Cradling the Israeli education system is a society that echoes those values. In 2014, settlers in the kibbutzim around Gaza gathered with their families on hilltops—bringing plastic chairs and old sofas, popcorn, and hookahs—to watch bombs drop on Palestinian homes. The following year, a group of settlers in the West Bank set a Palestinian home on fire, burning an eighteen-month-old boy and his parents to death; at a wedding sometime after, Israeli settlers recorded themselves dancing with guns as one repeatedly stabbed a photo of the baby. That same year, a Palestinian child in Jerusalem was kidnapped by settlers, doused with gasoline, and burned alive; two of the three settlers charged with his death were themselves minors. In 2024 at the border with Egypt, settlers blocking aid inflate bounce houses and distribute snacks to soldiers, and a child with an Israeli flag tied around her neck like a cape says to a journalist, “What I care? Kill them. I don’t care.” These children are conscripted into the Israeli military down the line.

Israel is an anachronism, a settler-colonial work-in-progress, and that Zionists seem totally unbothered with how we might perceive them reflects a position integral to the project’s fabric: tautologically moral, it divides the world into “with us” and “against us,” and bulldozes forward with the help of God and foreign politico-economic and military support. It does what it will and presents a potpourri of justifications post-hoc (or, shoot first and ask questions later, in the words of one Israeli official). Zionists have, for over a century, disregarded what it might mean that the Palestinians see them. And their indifference has been maintained by global superpowers—at present, the United States. The Israelis have interpreted this impunity as a demonstration of their supremacy, rather than its basis, an impunity they wield to showcase strength, even when it appears to us as something closer to fragility. 

Zionist supremacy, that perfect bubble, is delicate and requires constant protection in its state of unstable equilibrium. Israel’s maneuvering at present—full-blown genocide—reflects a frenzied tripling down of the state’s supremacist machinery, to try to restore the bubble atop its shaky hill. What they have over the native is force, and the pleasure it gives, undiminished: the right-wing weekly Olam Katan published an article in January claiming among the great victories of the genocide in Gaza—which it celebrated as unprecedented since the Nakba, even if, it qualified, the Palestinians were exaggerating—is that Israeli culture, previously influenced by “western discourse . . . knows today without shame to rejoice over the deaths of an enemy, and this is said with full mouth. This is decisive moral progress.”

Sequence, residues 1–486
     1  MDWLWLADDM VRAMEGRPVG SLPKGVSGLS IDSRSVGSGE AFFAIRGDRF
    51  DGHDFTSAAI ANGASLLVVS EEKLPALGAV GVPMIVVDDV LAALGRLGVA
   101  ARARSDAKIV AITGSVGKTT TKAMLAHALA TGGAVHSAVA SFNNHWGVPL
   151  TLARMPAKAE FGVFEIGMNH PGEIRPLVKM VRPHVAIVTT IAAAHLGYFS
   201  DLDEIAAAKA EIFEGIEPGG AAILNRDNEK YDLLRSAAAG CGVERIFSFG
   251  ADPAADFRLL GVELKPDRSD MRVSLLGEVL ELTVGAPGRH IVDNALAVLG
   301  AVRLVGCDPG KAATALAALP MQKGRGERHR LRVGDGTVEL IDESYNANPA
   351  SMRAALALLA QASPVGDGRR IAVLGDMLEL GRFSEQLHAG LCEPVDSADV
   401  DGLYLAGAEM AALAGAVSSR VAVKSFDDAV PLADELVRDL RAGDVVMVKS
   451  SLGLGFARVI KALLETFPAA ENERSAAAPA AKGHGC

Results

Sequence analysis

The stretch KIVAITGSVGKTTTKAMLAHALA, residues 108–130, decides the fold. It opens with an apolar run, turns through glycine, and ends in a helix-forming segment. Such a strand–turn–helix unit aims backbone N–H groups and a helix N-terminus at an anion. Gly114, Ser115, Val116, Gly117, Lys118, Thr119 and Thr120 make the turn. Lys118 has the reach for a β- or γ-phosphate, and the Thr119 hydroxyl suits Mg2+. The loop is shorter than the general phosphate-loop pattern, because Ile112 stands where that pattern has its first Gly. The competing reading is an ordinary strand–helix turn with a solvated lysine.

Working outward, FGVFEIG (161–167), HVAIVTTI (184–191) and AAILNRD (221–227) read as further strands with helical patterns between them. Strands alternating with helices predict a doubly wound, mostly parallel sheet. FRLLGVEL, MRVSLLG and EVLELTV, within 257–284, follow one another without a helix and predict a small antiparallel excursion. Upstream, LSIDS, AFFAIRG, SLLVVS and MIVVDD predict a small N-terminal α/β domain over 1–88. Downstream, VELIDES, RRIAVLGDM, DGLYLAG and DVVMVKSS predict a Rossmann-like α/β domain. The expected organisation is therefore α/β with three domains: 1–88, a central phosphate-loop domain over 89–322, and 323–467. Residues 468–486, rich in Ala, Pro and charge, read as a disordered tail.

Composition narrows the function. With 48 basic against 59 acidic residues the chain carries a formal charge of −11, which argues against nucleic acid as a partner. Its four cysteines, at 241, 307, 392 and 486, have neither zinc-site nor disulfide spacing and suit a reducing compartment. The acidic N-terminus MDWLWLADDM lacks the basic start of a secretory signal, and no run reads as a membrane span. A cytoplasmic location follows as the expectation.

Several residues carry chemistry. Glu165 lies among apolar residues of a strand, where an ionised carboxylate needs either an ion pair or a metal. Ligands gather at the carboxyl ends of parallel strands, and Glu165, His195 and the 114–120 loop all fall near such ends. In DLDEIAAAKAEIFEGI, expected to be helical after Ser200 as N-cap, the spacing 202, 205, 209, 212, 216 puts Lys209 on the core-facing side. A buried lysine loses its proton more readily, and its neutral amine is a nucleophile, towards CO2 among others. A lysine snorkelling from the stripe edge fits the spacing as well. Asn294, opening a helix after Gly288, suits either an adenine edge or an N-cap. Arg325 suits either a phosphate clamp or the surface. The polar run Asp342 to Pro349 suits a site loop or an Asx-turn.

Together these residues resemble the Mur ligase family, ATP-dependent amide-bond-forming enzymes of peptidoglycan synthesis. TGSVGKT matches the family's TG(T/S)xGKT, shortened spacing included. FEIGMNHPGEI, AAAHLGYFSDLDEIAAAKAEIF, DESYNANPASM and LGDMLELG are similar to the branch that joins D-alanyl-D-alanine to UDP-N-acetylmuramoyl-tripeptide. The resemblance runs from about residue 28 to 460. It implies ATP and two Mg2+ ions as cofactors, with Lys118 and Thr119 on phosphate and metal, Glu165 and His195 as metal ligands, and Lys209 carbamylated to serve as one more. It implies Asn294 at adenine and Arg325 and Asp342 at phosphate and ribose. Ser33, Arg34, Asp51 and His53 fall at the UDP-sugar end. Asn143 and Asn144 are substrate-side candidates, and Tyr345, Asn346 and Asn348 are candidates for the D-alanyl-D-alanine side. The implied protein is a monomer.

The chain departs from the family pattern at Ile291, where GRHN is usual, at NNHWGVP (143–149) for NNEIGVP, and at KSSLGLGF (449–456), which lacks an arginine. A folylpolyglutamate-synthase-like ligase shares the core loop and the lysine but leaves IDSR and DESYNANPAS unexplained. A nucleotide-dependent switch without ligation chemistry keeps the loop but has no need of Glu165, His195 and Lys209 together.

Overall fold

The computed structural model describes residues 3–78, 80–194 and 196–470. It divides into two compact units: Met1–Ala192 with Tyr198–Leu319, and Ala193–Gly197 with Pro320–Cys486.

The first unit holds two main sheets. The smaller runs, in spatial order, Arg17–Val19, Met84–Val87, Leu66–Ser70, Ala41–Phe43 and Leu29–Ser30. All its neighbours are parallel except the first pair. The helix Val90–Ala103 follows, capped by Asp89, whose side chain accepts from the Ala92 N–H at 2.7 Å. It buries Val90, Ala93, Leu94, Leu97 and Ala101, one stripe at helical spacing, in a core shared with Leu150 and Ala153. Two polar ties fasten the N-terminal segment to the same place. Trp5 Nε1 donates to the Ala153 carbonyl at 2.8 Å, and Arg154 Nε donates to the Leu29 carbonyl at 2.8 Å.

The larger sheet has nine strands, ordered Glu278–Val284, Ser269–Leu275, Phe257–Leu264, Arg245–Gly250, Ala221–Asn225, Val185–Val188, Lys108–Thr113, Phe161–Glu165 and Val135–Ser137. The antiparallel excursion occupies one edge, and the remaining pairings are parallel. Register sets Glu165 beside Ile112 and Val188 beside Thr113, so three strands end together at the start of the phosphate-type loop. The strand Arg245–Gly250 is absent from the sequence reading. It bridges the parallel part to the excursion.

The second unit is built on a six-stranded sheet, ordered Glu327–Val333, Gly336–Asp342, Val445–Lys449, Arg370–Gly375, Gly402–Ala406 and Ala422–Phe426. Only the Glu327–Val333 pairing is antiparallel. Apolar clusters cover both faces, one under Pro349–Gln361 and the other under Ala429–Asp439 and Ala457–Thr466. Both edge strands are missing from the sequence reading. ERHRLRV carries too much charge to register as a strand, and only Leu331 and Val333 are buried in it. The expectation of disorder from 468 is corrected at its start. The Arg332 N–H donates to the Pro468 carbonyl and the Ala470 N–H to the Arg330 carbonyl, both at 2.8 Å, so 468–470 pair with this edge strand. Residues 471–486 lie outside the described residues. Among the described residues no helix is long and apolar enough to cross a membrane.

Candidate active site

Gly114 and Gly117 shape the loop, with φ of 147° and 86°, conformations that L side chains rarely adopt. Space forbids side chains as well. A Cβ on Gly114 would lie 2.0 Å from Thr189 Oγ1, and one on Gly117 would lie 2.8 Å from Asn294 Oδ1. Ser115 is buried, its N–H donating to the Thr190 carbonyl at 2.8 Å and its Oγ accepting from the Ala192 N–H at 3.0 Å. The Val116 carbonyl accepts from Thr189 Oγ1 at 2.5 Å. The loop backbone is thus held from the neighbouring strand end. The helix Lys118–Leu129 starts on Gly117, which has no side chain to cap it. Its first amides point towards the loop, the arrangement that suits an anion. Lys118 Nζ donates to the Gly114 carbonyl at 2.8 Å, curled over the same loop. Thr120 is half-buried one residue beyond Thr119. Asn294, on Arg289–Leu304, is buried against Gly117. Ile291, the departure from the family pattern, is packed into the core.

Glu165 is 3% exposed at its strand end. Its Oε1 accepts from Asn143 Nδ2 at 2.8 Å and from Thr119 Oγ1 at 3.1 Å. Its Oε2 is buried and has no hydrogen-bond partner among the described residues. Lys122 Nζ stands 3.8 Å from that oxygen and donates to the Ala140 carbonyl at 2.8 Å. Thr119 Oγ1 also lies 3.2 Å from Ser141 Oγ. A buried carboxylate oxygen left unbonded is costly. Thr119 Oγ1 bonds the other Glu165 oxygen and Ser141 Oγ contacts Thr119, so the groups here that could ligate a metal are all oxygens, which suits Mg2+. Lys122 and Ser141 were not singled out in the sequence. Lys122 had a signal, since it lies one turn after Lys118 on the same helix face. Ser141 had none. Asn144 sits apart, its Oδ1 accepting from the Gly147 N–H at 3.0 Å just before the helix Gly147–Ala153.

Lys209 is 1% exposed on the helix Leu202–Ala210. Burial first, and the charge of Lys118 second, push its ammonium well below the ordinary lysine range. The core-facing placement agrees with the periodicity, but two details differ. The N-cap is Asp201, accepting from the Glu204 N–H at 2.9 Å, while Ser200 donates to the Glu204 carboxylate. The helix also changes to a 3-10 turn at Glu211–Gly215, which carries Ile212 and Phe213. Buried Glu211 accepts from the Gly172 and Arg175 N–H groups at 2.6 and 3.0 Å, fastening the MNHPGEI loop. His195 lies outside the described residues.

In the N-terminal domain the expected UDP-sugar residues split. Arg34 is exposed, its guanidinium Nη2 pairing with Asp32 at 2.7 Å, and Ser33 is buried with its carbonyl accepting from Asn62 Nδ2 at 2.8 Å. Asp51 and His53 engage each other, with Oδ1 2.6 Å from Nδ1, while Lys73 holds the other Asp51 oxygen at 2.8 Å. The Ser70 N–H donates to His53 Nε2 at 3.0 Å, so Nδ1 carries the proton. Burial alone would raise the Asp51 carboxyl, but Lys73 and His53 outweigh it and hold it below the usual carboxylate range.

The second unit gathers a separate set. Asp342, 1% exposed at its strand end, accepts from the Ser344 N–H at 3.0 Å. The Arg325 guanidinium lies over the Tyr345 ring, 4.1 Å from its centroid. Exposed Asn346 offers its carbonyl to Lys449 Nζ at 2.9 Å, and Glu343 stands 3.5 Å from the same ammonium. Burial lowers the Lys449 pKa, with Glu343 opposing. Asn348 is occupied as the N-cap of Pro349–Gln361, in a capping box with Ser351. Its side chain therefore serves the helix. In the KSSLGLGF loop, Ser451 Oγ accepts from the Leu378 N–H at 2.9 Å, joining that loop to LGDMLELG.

Insofar as Palestinians exist, they are about Israel.

And, this is a difference: the American soldier occupying a foreign country, acting on behalf of a settler-colony more “successful” in eliminating the native and relatively less so in masking its supremacist ethos, knows he should not take pictures. When he does and some are leaked, a significant proportion of the folks back home will complain about discordant “values” because this side of occupation they don’t want to see. Israel is a small place and because the majority of Israelis want the native gone, they cannot look away, and because theirs is a society structured around its military, they do not have to: they learn to see the Palestinian through the scope of a gun.

Looking at Israelis looking at Palestinians, it is easier to imagine they cannot see than to consider what it means for them to know. We psychologize, in some ways, to avoid having to. Settler psychosis, sick society, these people are not in their right minds—these are descriptive terms that reflect our inability to make sense, within a particular ethical or moral frame, of what we see; they do not interrogate etiology. The illness, given its prevalence, must be colonization: through contagion or side effect, the brutality of colonialism folds back on the colonizer. The occupation exacts a price on its enforcers. Missing is historical time, through which we see that the problem starts with the decision to colonize. A post on X, by a doctor, advises us to avoid “dehumanizing” Israelis. She suggests we instead consider their behavior to reflect a complex trauma response to entrapment in cyclical violence. But alienation is only possible because we already perceive the actor as a human being. The language of illness confuses morality with mental status and diffuses blame. It erases volition, without which there is neither escape nor responsibility.

Understanding Zionism as a product and function of people does not quite show us the door. That is why, I think, the world met the actions of Aaron Bushnell, the active-duty U.S. Air Force member who lit himself on fire outside the Israeli embassy in D.C., with something like a burst of recognition: under the snarled weight of seemingly inescapable structural pull, here was a person stepping forward, disentangling their agency at a cost exaggerated to try to map the gravity of refusing to do so. The last time an Israeli self-immolated for geopolitical reasons was in 2005, in protest of the “evacuation” order from Gaza.

One cannot erase what they do not see. Ari Shavit’s great-grandfather knew, Lord Balfour knew, Ben Gurion knew, the people in the kibbutzim knew, and every soldier in Gaza knows. And the people back home, they know too. In the years since 1917 or 1948 or 1982, Zionism has become increasingly difficult to maintain, and requires a certain insularity—sustained by the United States—that appears, if rooted in a less curated selection of facts and causal links, like insanity. For Israelis, this is self-preservation. Peering into the Zionist project, what we see is what Zionism requires.